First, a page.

There would have been jubilation in Holland on Tuesday with the official announcement that the Dutch Formula One Grand Prix would return to the country of tulips after an absence of 34 years.
The three-year deal to return to the Netherlands was confirmed by F1 CEO Chase Carey after speculation at the previous round in Spain.
The race will be held at the 4.3-kilometre circuit which winds its way through sand dunes near Zandvoort on the North Sea coastline.
There is no question one of the primary reasons for the reintroduction of a F1 championship race in Holland is the incredible rock star appeal of Red Bull Honda driver Max Verstappen.
Verstappen was actually born in Belgium but has Dutch nationality.
Since his F1 debut at the 2015 Australian GP, as the youngest driver in the history of the championship to race in the premier class, Verstappen has made a meteoric rise to become a superstar of the sport.
His legion of fans has grown dramatically, especially in Europe, with thousands now turning up to races proudly wearing their orange tee shirts and taking up entire grandstands.
The Dutch F1 GP was first held in 1952 on a shorter, 2.6-kilometre circuit that was made up of communication roads built by the occupying German forces during the Second World War.
It was won by Italian Alberto Ascari in a Ferrari who went on to win the championship which that year was run under Formula Two regulations, and he repeated the effort in 1953 under the same regulations.
There was no race in 1954 but in 1955 Mercedes Benz turned up with the all-conquering W196 model and trounced the field with the great Juan Manuel Fangio leading home his apprentice Stirling Moss.
Looking at the current situation it's very much a case of history repeating itself with Mercedes drivers Lewis Hamilton and Valtteri Bottas scoring five consecutive one, two finishes this year.
There were no races in 1956 and 1957 but races were held every year from 1958 to 1985 except for one.
... Verstappen has made a meteoric rise ...
In 1972 the drivers unanimously decided not to race there as they believed the circuit was far too dangerous and there had been a number of fatalities over the years.
In 1973 British driver Roger Williamson was competing in only his second F1 GP when he crashed on lap eight with the car catching fire as it slid down the road upside down trapping the 25-year-old.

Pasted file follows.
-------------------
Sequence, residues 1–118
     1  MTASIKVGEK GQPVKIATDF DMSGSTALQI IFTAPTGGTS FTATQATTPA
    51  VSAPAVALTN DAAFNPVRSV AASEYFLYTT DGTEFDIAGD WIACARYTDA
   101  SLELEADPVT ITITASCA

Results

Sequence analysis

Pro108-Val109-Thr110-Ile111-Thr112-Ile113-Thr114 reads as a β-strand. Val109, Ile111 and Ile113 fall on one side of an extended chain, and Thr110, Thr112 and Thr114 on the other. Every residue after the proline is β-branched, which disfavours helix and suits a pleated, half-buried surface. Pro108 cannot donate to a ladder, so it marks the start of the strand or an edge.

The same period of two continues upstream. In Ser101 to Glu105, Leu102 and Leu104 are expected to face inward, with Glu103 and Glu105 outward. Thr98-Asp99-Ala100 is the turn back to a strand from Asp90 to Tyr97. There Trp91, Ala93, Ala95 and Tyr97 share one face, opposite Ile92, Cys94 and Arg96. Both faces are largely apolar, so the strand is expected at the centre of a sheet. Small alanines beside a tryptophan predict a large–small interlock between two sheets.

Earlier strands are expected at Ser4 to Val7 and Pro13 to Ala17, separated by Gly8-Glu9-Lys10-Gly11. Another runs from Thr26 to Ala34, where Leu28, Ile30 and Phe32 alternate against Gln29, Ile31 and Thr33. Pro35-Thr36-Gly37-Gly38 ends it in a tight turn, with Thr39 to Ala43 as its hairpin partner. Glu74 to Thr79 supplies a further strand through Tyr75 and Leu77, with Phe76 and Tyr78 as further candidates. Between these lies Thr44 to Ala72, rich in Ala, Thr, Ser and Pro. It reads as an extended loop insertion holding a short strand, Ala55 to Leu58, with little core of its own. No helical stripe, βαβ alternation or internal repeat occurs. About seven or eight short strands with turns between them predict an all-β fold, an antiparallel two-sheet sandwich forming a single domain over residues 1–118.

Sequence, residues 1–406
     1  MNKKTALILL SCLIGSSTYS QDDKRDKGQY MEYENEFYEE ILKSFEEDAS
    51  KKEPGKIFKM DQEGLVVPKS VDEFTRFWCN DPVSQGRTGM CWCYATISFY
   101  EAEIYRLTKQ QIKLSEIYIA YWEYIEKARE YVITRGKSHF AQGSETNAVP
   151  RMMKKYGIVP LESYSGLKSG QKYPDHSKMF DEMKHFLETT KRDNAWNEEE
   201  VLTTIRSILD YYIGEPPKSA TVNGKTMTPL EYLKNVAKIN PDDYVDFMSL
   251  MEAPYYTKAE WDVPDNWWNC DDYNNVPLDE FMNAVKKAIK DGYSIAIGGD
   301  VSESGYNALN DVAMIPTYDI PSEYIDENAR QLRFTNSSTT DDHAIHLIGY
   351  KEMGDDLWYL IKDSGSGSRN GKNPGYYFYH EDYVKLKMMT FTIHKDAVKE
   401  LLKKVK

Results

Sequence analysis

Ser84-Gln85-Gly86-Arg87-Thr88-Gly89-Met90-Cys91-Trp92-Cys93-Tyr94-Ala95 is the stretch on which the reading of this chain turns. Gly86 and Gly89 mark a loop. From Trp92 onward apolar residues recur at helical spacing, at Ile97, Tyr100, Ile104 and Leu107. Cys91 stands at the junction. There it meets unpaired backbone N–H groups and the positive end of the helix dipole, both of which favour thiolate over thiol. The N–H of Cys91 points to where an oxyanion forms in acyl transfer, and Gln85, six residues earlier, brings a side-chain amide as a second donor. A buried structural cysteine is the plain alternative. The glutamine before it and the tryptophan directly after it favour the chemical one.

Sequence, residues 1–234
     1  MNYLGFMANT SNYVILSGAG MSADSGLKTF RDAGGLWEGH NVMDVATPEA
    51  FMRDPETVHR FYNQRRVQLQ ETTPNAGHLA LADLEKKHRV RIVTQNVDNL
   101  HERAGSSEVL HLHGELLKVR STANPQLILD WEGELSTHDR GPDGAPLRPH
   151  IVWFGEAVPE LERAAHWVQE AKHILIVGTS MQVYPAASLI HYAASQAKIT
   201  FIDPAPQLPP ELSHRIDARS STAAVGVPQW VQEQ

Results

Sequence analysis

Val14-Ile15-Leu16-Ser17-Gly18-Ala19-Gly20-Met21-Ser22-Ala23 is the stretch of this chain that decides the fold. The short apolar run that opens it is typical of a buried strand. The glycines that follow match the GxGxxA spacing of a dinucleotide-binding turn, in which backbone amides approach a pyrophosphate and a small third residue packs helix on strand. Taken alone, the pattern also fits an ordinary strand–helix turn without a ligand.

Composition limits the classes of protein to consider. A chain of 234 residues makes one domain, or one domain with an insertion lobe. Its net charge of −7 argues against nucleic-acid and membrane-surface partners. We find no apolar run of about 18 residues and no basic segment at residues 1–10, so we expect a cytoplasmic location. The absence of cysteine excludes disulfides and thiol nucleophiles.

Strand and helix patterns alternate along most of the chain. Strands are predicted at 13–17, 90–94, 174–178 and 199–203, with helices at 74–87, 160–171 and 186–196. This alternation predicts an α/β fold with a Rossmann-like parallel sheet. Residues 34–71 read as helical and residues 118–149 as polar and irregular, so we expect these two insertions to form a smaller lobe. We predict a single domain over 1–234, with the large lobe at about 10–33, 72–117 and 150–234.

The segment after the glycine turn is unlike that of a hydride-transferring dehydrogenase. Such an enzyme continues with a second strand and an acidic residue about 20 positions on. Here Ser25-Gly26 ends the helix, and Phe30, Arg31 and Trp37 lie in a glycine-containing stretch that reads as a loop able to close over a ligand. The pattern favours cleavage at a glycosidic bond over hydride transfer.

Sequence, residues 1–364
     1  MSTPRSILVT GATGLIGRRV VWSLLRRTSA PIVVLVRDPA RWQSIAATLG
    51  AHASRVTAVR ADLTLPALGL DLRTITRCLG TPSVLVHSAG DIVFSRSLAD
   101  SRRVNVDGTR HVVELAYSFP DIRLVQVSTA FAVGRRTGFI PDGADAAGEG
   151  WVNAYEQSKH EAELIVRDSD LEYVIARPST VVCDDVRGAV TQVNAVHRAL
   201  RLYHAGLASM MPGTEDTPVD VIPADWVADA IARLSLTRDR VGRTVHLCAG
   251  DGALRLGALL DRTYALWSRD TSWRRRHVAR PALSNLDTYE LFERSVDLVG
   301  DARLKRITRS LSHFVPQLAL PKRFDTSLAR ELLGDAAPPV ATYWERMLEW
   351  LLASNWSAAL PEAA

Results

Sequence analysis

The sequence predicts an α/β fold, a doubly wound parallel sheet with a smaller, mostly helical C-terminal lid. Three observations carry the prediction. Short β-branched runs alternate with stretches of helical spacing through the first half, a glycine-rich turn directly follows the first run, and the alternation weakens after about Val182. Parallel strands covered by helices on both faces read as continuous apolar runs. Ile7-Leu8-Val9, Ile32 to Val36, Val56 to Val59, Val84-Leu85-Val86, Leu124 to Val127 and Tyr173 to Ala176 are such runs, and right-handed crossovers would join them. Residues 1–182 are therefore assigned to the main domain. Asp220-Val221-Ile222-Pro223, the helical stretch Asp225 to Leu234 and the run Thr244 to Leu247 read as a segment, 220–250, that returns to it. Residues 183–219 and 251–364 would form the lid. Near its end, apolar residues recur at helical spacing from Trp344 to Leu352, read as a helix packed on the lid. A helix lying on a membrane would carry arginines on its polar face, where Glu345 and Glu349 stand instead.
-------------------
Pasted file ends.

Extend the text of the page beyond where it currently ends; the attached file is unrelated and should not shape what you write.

Fellow British driver David Purley arrived on the scene and immediately stopped his car and ran to the burning car to try and get Williamson out.
Despite the intensity of the flames Purley, who later said he could hear Williamson calling for help, tried desperately to right the car but it was impossible.
Meanwhile the untrained and ill-equipped Marshalls, who were not wearing fireproof clothing, watched on despite Purley screaming at them to assist.
Like all other F1 lovers of the sport I will never forget the vision of a devastated Purely watching helplessly as Williamson died of asphyxiation.
Purley was subsequently awarded the George Medal for his heroic efforts but in a sad end to the story he was to die in 1985 when his Pitt Special aerobatics plane crashed into the English Channel.
On a lighter note Australia's Jack Brabham had stolen the march on the opposition with the introduction of the new 3.0 litre engine capacity with the Australian-designed and -built Repco V8.
The 40-year-old, two-time champion arrived at Zandvoort in 1966 after winning two races in France and Britain and was leading the championship.
Despite a very critical media claiming he was "too old and over the hill" Brabham comfortably put the car on pole position and then the car was rolled out onto the grid by the mechanics which was the norm in those days.
Brabham then appeared shuffling slowly towards the car complete with walking stick and a very long beard much to the delight of all who witnessed the event.
Just to rub a healthy dose of salt to the wound Brabham went onto win the race and both the drivers and constructors championships, becoming the first and only driver to do so in a car bearing his own name.
Another notable event in the history of the Dutch GP occurred in 1967 when Jim Clark turned up in the Colin Chapman-designed Lotus 49 fitted with the new 3.0 litre Ford Cosworth DFV (double-four valve) V8 engine.
Chapman had convinced Ford to finance the design and build the new engine and it was to go on and become one of the most successful engines in the history of the championship.
Between 1967 and 1985 this ubiquitous engine won 155 F1 races from 267 starts and carried drivers to 12 titles and ten constructors titles.
The return of the Dutch GP is welcome news, but not for two current circuits who will miss out as Vietnam has also been added to the calendar.